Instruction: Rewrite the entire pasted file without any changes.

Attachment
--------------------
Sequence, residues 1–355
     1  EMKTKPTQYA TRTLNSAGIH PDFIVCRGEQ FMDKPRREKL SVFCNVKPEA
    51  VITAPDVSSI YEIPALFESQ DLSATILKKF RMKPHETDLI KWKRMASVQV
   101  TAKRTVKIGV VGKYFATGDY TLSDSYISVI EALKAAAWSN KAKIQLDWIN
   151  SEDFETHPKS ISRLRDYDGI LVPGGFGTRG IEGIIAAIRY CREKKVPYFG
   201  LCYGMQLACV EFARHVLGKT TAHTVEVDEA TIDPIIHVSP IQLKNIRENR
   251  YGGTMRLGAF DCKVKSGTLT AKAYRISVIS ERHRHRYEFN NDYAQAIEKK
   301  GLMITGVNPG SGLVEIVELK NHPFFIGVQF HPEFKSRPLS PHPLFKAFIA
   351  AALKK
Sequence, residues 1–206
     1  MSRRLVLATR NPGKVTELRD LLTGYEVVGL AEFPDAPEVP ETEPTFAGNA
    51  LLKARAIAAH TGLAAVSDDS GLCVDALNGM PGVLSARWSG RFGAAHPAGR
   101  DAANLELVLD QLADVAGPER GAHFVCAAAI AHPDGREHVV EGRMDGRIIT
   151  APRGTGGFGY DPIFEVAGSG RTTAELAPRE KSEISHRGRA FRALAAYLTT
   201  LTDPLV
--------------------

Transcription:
Sequence, residues 1–355
     1  EMKTKPTQYA TRTLNSAGIH PDFIVCRGEQ FMDKPRREKL SVFCNVKPEA
    51  VITAPDVSSI YEIPALFESQ DLSATILKKF RMKPHETDLI KWKRMASVQV
   101  TAKRTVKIGV VGKYFATGDY TLSDSYISVI EALKAAAWSN KAKIQLDWIN
   151  SEDFETHPKS ISRLRDYDGI LVPGGFGTRG IEGIIAAIRY CREKKVPYFG
   201  LCYGMQLACV EFARHVLGKT TAHTVEVDEA TIDPIIHVSP IQLKNIRENR
   251  YGGTMRLGAF DCKVKSGTLT AKAYRISVIS ERHRHRYEFN NDYAQAIEKK
   301  GLMITGVNPG SGLVEIVELK NHPFFIGVQF HPEFKSRPLS PHPLFKAFIA
   351  AALKK
Sequence, residues 1–206
     1  MSRRLVLATR NPGKVTELRD LLTGYEVVGL AEFPDAPEVP ETEPTFAGNA
    51  LLKARAIAAH TGLAAVSDDS GLCVDALNGM PGVLSARWSG RFGAAHPAGR
   101  DAANLELVLD QLADVAGPER GAHFVCAAAI AHPDGREHVV EGRMDGRIIT
   151  APRGTGGFGY DPIFEVAGSG RTTAELAPRE KSEISHRGRA FRALAAYLTT
   201  LTDPLV